While sheriffs committed to this theory have solid legal footing — the U.S. Constitution is the supreme law of the land, Wetmore noted –the use of discretion is a slippery slope.

Sure, sheriffs aren’t the only ones who get to make decisions about laws. For starters, other police agencies have a similar right. Just think about every time a cop chooses whether to issue a speeding ticket, Wetmore said.

And members of all branches of government are granted discretion, too. Consider the speaker of a chamber who gets to choose which bills to bring to a legislative floor, or the judges who determine which cases to take.

Plus, there are checks on law-enforcement discretion. For instance New York has a mandatory arrest law for domestic violence incidents. Another check is that multiple law enforcement agencies have jurisdiction in a given region and could choose to enforce laws differently. And sheriffs, in particular, face the check imposed by the public — if voters disapprove of a sheriff’s actions, they can elect someone new.

But there is something that feels especially worrying about an elected sheriff being so public about his plans to loosely enforce a law, particularly a law that is so polarizing.

Giardino defends his words as demonstrating transparency and doesn’t believe he is encouraging or enabling anyone to break the law.

“I’m not telling people ‘go ahead and carry and then we’ll worry about it.’ I’m telling people that if you forget that you have [a gun] on you and you go into a store, we’re not going to get all bent out of shape and make it a felony case,” he told me.

In Giardino’s case, proclaiming his desire not to crack down on concealed carry — in an NRA publication to boot — is no doubt great politics in Fulton County, where registered Republicans outnumber Democrats by more than 2 to 1.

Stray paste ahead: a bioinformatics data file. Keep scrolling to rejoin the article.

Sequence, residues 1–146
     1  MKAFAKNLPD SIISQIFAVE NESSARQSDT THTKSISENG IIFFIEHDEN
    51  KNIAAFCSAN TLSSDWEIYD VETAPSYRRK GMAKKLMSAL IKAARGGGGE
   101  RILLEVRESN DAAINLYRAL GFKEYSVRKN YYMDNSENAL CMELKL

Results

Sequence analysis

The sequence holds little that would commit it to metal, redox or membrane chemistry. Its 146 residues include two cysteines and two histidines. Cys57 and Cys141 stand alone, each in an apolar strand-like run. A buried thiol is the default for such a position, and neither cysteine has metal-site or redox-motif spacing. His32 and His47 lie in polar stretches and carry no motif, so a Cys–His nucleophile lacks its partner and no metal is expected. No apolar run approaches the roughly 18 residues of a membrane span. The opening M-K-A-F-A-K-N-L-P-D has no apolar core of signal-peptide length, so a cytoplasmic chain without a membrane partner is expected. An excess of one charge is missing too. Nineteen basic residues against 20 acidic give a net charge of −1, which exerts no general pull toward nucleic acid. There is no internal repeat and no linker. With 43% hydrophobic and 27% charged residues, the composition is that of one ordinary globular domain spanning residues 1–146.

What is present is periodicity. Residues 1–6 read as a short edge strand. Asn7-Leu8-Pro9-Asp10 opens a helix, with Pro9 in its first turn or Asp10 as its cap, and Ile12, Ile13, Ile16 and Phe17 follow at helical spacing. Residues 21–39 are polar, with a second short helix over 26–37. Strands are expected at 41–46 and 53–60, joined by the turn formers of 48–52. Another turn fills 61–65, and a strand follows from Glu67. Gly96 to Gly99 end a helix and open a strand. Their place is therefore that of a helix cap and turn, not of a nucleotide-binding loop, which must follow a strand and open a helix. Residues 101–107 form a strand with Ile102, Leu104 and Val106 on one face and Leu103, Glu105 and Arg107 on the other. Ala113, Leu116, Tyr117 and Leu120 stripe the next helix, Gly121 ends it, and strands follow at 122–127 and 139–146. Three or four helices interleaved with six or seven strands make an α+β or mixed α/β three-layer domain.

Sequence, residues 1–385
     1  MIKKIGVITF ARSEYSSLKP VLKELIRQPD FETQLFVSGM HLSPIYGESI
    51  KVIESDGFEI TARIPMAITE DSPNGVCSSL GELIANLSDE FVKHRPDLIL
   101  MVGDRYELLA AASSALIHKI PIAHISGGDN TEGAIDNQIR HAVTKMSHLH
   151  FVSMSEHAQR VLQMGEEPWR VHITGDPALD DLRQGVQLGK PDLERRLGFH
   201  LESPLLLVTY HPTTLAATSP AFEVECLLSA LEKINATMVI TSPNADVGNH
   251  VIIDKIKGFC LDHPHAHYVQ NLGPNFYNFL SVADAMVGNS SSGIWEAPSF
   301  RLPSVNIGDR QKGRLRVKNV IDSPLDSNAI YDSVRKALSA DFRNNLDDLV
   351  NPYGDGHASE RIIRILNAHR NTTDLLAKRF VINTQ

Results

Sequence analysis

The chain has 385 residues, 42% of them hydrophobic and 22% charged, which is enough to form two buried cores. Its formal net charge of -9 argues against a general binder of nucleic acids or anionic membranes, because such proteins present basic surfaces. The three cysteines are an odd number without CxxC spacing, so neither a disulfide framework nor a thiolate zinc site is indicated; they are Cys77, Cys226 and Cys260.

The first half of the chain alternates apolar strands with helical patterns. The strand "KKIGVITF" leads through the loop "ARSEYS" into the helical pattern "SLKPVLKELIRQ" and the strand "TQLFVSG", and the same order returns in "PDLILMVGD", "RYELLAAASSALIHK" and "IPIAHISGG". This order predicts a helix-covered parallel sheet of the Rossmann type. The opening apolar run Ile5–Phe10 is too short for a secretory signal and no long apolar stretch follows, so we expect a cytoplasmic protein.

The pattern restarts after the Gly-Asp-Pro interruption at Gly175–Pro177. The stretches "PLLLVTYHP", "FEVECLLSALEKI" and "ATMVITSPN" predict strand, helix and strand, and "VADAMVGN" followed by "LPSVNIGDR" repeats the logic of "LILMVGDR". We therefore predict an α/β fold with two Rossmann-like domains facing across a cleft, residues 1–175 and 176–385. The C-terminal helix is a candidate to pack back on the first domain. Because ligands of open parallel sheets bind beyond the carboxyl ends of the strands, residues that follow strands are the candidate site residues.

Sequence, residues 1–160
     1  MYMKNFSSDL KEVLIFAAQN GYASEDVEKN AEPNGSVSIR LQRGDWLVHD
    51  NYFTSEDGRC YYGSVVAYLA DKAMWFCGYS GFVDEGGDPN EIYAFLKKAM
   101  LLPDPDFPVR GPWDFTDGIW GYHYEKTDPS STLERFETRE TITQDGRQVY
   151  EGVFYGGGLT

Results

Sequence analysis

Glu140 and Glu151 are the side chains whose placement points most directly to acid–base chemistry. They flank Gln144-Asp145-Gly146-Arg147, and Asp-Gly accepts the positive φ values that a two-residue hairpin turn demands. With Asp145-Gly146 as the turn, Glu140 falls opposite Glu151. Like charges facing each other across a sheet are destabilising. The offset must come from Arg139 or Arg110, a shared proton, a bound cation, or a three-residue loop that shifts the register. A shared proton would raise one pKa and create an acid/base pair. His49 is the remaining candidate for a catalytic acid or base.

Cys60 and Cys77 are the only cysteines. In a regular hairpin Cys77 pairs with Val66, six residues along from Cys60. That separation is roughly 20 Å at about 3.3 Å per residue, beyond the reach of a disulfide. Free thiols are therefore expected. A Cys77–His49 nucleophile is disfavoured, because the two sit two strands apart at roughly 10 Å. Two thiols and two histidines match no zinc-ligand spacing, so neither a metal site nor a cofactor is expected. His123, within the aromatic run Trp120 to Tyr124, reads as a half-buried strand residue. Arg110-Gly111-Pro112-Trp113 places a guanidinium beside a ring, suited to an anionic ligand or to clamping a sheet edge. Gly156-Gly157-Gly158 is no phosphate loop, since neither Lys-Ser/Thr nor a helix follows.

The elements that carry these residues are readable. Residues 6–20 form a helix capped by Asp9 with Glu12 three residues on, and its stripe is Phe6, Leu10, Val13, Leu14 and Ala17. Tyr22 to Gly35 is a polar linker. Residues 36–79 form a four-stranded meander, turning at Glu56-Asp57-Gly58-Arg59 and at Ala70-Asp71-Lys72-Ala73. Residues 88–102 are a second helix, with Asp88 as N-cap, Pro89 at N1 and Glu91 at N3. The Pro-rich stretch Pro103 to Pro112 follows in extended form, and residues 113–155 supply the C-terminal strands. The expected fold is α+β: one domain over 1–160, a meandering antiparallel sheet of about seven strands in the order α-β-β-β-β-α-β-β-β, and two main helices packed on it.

But since sheriffs such as Giardino are directly elected by the people, that means it’s the people of Fulton County who have significant influence over which laws get enforced. No, they don’t get to write the laws. But they will certainly elect sheriffs who enforce the laws they like and who ignore the laws they don’t like. I’ll bet a lot of people, especially in Fulton County, love the sound of more power in the people’s hands. Indeed, there is something that feels uniquely American about this sentiment.

And yet, our system is supposed to be one based on laws. It’s supposed to be based on laws that are written after fierce and meticulous debate held by an array of leaders and constituents representing a cross section of interests. It’s supposed to be based on laws that are rigorously and continuously scrutinized by the courts.

Those who champion the rugged individualism of localized enforcement are neglecting the potential perils.

The day after the U.S. Supreme Court issued its ruling on concealed carry in New York, the justices issued another monumental ruling: Dobbs V. Jackson, which overturned Roe. V. Wade and meant that access to abortion was no longer constitutionally protected.